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How to Hack a Website With uBlock Origin

DISCLAIMER: Best_codes is not liable for any legal trouble resulting from this article. Remember to only “hack” for fun or testing purposes, as there are penalties for hacking.

Yes. You read correctly. And saw correctly. That was a cat hacking with uBlock Origin. OK, maybe not. But it is, in fact, quite easy to do some basic hacking with uBlock Origin. Not like complex stuff such as logging in to someone's account or hacking it, but more along the lines of injecting code or discovering handy API keys. Without further ado, let's discover how!

What is uBlock Origin?

uBlock Origin is a popular advertisement / tracker blocking extension for most major browsers (Chrome, Firefox, Opera, Edge). While it does occasionally have issues with breaking websites, it is overall an awesome extension! Let's take a look at some of uBlock Origin's features and how we can use them to do some basic “ethical” website hacking.

Installing uBlock

Most of you probably already know how to install uBlock in your web browser. Just skip this. If you don't, don't worry, it's really easy. Simply go to the extension page for your browser, and search uBlock Origin.
Chrome: https://chrome.google.com/webstore/detail/ublock-origin/
Firefox: https://addons.mozilla.org/en-US/firefox/addon/ublock-origin/
Opera: https://addons.opera.com/en/extensions/details/ublock/
Edge: https://microsoftedge.microsoft.com/addons/detail/ublock-origin/

Then, click the “install” / “add” button (this varies by browser) and follow the steps to install uBlock. If not done already, you can usually right-click on the extension icon and select “Pin” to make sure you can always see and use the extension.

Testing uBlock

Now, you can give uBlock Origin a quick test. One good site for this is https://d3ward.github.io/toolz/adblock.html. You should see a number by the extension icon, displaying how many ads and/or trackers were blocked.

uBlock's Features

Now, let's take a look at some of uBlock's useful features.

  1. Custom element blocking:

Anywhere on a page, right click and select “Block element”. You can then proceed to block an element and click create. The element will disappear, even after the page reloads or the browser restarts:
Before:

before block

After:

After block

  1. Script blocking:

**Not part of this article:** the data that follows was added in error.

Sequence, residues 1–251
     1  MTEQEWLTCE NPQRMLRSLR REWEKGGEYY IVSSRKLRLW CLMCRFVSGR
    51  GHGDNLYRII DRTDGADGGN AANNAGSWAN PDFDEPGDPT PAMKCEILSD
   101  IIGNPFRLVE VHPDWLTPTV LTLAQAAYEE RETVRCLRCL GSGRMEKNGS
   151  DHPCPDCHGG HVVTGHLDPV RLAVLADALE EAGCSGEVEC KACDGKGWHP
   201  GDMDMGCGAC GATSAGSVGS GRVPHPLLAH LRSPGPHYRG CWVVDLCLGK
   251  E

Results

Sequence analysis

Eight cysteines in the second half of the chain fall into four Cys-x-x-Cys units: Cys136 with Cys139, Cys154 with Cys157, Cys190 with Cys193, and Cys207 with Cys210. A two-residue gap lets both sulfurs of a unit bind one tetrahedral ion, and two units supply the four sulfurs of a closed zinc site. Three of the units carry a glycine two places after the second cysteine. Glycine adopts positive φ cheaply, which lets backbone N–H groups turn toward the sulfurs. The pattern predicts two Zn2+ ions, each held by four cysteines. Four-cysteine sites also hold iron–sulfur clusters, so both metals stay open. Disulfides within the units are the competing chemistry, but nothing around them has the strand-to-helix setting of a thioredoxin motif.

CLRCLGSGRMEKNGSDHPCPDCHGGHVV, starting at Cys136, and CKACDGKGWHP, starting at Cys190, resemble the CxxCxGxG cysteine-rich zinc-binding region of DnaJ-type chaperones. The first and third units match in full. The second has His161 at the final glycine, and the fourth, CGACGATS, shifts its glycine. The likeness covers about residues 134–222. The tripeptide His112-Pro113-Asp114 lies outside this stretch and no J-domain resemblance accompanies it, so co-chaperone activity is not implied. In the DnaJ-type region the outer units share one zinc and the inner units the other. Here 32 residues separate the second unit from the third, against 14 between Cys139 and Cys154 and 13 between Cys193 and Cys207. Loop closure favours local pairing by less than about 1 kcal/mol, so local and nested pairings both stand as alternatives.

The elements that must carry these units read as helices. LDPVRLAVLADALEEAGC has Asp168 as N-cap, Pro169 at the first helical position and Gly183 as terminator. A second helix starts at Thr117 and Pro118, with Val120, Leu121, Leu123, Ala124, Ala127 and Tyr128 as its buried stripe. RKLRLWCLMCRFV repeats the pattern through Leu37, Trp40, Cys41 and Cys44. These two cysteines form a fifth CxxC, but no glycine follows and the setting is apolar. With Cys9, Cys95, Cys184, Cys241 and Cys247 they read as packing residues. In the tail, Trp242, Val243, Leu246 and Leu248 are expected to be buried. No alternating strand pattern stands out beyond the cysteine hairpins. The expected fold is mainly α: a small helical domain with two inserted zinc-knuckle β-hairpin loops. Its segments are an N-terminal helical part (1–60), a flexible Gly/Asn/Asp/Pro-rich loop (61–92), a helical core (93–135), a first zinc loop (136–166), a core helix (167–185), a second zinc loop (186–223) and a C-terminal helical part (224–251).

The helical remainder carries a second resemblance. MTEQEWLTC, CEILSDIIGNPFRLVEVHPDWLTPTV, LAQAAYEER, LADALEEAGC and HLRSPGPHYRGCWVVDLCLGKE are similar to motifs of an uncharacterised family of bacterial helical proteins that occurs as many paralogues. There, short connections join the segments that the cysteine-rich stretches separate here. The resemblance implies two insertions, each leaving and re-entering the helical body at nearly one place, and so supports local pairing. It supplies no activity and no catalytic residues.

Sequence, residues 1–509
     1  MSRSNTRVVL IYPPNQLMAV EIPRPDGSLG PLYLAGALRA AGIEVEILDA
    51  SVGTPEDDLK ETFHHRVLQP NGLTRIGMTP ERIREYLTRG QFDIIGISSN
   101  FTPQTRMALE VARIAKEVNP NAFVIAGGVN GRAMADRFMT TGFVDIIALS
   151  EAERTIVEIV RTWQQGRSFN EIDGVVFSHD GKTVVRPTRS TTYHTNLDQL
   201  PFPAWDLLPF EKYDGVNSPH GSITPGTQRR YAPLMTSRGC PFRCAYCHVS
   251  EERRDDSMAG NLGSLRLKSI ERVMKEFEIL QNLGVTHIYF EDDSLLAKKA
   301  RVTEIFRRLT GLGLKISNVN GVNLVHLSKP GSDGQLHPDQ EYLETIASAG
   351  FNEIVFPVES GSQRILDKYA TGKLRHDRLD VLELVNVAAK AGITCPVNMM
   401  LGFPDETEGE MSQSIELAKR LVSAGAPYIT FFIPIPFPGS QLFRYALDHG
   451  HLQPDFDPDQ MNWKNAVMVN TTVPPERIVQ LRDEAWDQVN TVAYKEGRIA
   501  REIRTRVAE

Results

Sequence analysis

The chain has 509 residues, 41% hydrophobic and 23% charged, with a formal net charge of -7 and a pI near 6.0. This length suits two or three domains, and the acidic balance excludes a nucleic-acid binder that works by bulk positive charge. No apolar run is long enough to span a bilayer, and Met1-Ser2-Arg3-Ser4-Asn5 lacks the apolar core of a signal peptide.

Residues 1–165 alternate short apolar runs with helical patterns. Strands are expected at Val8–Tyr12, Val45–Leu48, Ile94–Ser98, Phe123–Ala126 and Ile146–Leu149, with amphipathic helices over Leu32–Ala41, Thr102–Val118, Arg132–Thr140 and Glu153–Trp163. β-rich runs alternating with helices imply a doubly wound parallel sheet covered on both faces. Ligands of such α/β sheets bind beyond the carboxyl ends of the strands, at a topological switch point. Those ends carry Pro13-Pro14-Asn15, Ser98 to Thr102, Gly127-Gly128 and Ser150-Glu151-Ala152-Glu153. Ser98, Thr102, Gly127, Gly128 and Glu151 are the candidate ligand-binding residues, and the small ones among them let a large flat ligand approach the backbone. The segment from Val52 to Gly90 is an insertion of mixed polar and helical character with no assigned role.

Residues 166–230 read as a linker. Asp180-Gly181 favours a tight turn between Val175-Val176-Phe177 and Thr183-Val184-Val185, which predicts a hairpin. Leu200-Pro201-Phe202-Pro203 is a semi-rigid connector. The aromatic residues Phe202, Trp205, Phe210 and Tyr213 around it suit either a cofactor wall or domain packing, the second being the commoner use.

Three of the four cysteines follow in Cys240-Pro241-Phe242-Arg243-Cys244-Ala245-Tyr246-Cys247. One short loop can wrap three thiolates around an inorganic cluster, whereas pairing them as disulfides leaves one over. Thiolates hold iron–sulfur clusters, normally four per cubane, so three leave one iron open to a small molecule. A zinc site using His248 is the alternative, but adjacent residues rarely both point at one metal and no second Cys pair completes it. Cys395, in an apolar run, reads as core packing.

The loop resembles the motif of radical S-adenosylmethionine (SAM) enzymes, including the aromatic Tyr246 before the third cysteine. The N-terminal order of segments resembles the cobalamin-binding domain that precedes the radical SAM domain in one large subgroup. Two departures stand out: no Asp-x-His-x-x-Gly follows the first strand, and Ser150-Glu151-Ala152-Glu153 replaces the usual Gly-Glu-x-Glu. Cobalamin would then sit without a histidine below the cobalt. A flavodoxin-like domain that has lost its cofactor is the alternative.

You can also block custom scripts with uBlock. Click the extension icon, then the settings button:

uBlock settings

Go to “My filters” and add a rule to block a script:

uBlock script

Now, that asset will be blocked.

  1. Request logging:

You can also use uBlock Origin to see URL requests that any site is making:

uBlock logger

Click the log button to open the uBlock logger. In it, you will see all requests the website has made:

uBlock logs

Now, let's explore how to utilize these features for hacking.

Using uBlock to hack

To use uBlock Origin to hack a website easiest, you can use a code injecting extension. For Chrome and Firefox, I recommend Code Injector:
Chrome: https://chrome.google.com/webstore/detail/code-injector/
Firefox: https://addons.mozilla.org/en-US/firefox/addon/codeinjector/

Finding API keys

API keys are just tokens put in a URL to an API that lets the API know that you are authenticated and allowed to access the API endpoint. An example would be an API for a social media website, let's imagine one called dev.to (how weird…). So, let's say you go to dev.to and look at the latest posts. How are these posts loaded? dev.to makes a request to an API. (let's just say it is https://dev.to/stories/feed/?page=1). It does this using JS.

Example (using RunKit, not real JS):

//Hidden setup const fetchUrl = require("fetch").fetchUrl; console.log("Please expect a delay of several seconds while your browser fetches the API data"); fetchUrl("https://dev.to/stories/feed/?page=1", function (error, meta, body) { if (error) { console.error(error); return; } console.log(body.toString()); console.log("Please note that RunKit abbreviates the response. It is, in reality, pretty long."); });

How did I find this URL? The logger. Let's use the logger to do some more basic hacking.

  1. Open the logger. I have Opera Browser (really a great browser), so I can use it from my sidebar.
  2. Go to dev.to. You will see the requests dev.to is making in the logger. Search “count” and click on the result:

logger filter

Now, you can see your message count:

count of messages

This has many other possibilities. I have used it to find audio and video sources, make social media monitors, and much more. Now, to the cooler part of hacking with uBlock:

Injecting Code

Injecting code into a website is a technique used to modify the behavior of a website by adding new code to its existing codebase. This can be done by exploiting vulnerabilities in the website’s security, such as HTML injection or cross-site scripting (XSS). To do so with uBlock, you will need Code Injector. Basically, all you have to do is use uBlock (the logger) to block a script from loading, then the injector to make the website load your new version of the script. I will not provide example photos of this, but it is relatively easy.

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I hope you have enjoyed this post and found it interesting or useful. If you have any questions, please let me know in the comments.

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